When smokers try to cut back or quit smoking, they experience nicotine withdrawal.  Withdrawal symptoms appear within a few hours and peak 24 to 48 hours after quitting. Withdrawal symptoms include tobacco craving, a desire for sweets, increased coughing, and impaired performance on tasks that require concentration.

Most symptoms last an average of one month, but hunger (due to the lack of increased blood glucose) and food cravings can last for six months or more. But, while these symptoms may last for months after you quit, the benefits of quitting can begin in as little as 20 minutes after your last cigarette.

o In 20 minutes, your blood pressure and pulse rate decrease, and the body temperature of your hands and feet increase.
o At 8 hours, the carbon monoxide level in your blood decreases to normal. With the decrease in carbon monoxide, your blood oxygen level increases to normal.
o At 24 hours, your risk of having a heart attack decreases.
o At 48 hours, nerve endings start to re-grow, and the ability to smell and taste is enhanced.
o Between 2 weeks and 3 months, your circulation improves, walking becomes easier, and you don’t cough or wheeze as often. Phlegm production decreases. Within several months, you have significant improvement in lung function.
o In 1 to 9 months, coughing, sinus congestion, fatigue, and shortness of breath decrease as you continue to see significant improvement in lung function. Cilia – tiny hair-like structures that move mucus out of the lungs – regain normal function.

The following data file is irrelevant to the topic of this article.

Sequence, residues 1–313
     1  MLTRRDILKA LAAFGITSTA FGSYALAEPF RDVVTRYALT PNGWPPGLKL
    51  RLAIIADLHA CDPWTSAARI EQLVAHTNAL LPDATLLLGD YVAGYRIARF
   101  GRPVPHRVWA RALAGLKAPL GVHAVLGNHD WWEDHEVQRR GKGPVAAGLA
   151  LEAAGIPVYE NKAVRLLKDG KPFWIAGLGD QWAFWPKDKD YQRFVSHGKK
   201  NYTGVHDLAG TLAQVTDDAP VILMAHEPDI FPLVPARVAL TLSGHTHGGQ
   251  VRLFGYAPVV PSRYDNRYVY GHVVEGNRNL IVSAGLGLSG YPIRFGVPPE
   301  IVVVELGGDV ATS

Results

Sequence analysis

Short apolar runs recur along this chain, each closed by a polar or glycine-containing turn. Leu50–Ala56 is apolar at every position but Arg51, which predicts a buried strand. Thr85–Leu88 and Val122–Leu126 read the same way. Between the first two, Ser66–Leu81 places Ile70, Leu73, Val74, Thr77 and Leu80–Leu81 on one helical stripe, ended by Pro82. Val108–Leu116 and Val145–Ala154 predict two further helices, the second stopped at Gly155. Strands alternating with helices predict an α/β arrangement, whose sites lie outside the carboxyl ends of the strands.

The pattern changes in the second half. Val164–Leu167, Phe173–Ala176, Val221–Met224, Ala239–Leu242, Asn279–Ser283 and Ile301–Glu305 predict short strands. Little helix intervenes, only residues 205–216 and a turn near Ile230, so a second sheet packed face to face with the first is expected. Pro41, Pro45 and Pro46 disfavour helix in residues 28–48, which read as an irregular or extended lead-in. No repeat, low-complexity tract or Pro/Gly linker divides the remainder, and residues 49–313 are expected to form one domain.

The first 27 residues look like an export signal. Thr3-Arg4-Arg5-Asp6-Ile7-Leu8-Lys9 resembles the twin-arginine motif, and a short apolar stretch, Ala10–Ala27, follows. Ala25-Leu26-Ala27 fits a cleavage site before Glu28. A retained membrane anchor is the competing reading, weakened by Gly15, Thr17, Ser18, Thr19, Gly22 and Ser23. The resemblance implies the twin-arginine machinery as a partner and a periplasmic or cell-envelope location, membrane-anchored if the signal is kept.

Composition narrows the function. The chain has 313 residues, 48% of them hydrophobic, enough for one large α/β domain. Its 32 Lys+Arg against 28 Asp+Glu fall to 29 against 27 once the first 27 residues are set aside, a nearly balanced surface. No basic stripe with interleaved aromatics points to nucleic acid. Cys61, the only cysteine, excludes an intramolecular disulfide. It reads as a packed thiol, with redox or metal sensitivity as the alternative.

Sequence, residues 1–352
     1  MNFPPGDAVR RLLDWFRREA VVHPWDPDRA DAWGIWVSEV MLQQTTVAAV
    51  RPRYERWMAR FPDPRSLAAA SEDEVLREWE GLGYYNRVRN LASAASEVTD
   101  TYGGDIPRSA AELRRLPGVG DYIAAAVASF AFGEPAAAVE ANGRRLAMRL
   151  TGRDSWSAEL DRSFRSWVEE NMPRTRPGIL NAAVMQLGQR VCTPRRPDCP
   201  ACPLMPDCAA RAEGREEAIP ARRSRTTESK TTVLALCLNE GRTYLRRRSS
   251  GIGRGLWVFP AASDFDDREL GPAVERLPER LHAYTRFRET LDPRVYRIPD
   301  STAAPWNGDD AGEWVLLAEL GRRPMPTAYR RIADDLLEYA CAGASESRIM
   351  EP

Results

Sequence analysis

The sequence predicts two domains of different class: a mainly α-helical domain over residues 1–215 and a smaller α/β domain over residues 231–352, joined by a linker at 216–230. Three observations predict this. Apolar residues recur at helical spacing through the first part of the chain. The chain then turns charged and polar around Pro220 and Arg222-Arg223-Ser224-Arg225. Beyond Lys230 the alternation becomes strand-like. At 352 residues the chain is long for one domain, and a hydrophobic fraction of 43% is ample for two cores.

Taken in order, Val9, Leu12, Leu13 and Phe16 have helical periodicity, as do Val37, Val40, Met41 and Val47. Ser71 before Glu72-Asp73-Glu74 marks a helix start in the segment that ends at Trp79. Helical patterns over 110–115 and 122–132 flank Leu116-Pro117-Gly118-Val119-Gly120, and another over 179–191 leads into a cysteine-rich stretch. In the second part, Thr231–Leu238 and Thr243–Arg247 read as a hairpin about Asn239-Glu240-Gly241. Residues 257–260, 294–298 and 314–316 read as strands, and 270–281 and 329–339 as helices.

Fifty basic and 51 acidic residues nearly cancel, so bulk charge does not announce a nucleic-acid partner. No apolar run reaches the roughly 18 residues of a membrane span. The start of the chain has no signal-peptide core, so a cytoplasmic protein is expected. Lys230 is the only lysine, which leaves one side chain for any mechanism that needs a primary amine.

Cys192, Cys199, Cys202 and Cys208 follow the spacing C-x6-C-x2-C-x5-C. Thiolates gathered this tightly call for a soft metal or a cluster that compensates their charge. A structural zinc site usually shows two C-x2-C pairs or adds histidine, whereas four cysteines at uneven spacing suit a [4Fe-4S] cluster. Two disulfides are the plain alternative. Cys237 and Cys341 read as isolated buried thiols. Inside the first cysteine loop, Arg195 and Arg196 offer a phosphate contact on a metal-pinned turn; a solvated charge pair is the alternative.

o In 1 year, risk of coronary heart disease and heart attack is reduced to half that of a smoker.
o Between 5 and 15 years after quitting, your risk of having a stroke returns to that of a non-smoker.
o In 10 years, your risk of lung cancer drops. Additionally, your risk of cancer of the mouth, throat, esophagus, bladder, kidney, and pancreas decrease. Your risk of developing an ulcer also decreases.
o In 15 years, your risk of coronary heart disease and heart attack is similar to that of people who have never smoked. The risk of death returns to nearly the level of a non-smoker.

One Last Thing …

If you’re a smoker, and you’ve decided to quit, good for you! You’re doing yourself and everyone you know a huge favor. Of course, there are numerous products on the market that can help you quit. But I’d like to mention some unconventional ways that just might work for you.

The most effective is acupuncture. Those tiny needles carry potent help if you’re trying to quit. Studies show that acupuncture boosts feel-good neurochemicals like endorphins, serotonin, and dopamine. This not only dampens the desire to smoke, it also brings about a sense of calm. But, be aware that you need to undergo repeated acupuncture sessions for this to truly help you quit for good.

If needles aren’t for you, St. John’s wort can also help you quit. This herbal antidepressant was recently found to lessen cravings in smokers. St. John’s wort works by increasing levels of dopamine in the brain. Low levels of this neurotransmitter may increase cravings and even depression. According to one clinical trial by researchers at the University of London, taking 300 mg. of St. John’s wort once or twice daily one week before and for three months after a target quit date was effective for helping smokers quit.

Research Brief …

As we age, brain cells shrink, the supply of blood to brain tissue dips, and chemical messengers called neurotransmitters decrease – resulting in sharp declines in cognition. But there’s an easy way to avoid this age-related brain drain: Get moving!

A new review of studies in the British Journal of Sports Medicine shows that regular exercise can reverse this cognitive decline, boosting the volume of brain tissue, increasing neurotransmitters, and replenishing the brain’s blood supply. Some of the studies found that just six months of aerobic activity reversed aging’s impact on the brain and improved an older brain’s ability to grow and develop.